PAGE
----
SYDNEY (AFP) â€” Prime Minister John Howard said Tuesday an Australian soldier killed by a roadside bomb in Afghanistan died for a just cause while fighting “brutal terrorism”.
The death was only the second combat loss for Australia since it sent troops into Afghanistan and Iraq in the US-led “war on terror” in the wake of the September 11 attacks on New York and Washington.
No soldiers have been killed in action in Iraq, while a Special Air Service sergeant died in Afghanistan in February 2002 when his vehicle hit a landmine.
The news of the latest death led bulletins in Australia, which has some 900 troops serving in Afghanistan and a further 1,575 deployed to support the war in Iraq.
“This is a sad day for the Australian army, it’s a sad day for the Australian community,” Howard told reporters in Hobart.
“The operation in Afghanistan involves resisting brutal terrorism, it’s a just cause and this soldier was part of an Australian contribution to that just cause.”
Howard faces an election by the end of the year and opinion polls show him trailing the opposition Labor Party, which has pledged to pull Australian troops out of Iraq if they win power.
But Labor backs the deployment in Afghanistan and the soldier’s death is unlikely to become a political issue.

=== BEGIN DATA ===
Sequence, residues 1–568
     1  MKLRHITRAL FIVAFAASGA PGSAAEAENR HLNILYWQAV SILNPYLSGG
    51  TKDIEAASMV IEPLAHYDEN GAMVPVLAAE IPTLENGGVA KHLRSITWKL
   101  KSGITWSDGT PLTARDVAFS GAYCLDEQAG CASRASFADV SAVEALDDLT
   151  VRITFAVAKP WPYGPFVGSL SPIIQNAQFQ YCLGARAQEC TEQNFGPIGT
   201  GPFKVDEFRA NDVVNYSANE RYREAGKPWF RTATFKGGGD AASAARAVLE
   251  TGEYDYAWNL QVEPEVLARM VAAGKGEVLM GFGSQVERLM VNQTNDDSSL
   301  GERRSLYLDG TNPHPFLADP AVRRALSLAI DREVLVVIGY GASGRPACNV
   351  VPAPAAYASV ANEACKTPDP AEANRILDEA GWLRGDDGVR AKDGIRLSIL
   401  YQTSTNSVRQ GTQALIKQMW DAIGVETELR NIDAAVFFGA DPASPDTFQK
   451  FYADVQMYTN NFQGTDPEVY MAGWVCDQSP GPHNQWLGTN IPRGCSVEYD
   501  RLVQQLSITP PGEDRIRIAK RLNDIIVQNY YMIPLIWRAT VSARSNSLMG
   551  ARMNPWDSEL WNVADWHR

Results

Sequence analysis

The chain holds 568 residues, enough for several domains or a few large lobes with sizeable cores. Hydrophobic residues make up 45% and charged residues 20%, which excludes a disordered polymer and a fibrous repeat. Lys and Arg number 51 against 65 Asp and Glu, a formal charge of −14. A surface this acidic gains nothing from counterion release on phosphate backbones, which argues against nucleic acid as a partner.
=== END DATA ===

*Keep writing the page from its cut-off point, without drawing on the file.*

The bulk of Australia’s troops in Afghanistan have been deployed to the southern province of Uruzgan, a former Taliban stronghold, to assist a Dutch-led reconstruction operation.
Trooper David Pearce, 41, was killed, and another soldier seriously injured, when a roadside bomb exploded next to their light armoured vehicle, six kilometres (3.5 miles) from their Tarin Kowt base on Monday.
The head of the Australian military, Air Chief Marshal Angus Houston, said Afghanistan was becoming more dangerous and that explosive devices similar to those used against coalition forces in Iraq were now being deployed.
There had been 25 roadside bomb attacks in the past four months, he said.
“When we first went in back in 2005 with the Special Operations Taskforce we didn’t see too many improvised explosive devices in the province,” he said.
“But certainly this year there has been a lot more.”
Asked whether Iranian weapons were entering Afghanistan, Houston replied: “We believe that might be so.
“We are starting to see similar devices to those that are deployed in Iraq,” he told a press conference in Canberra.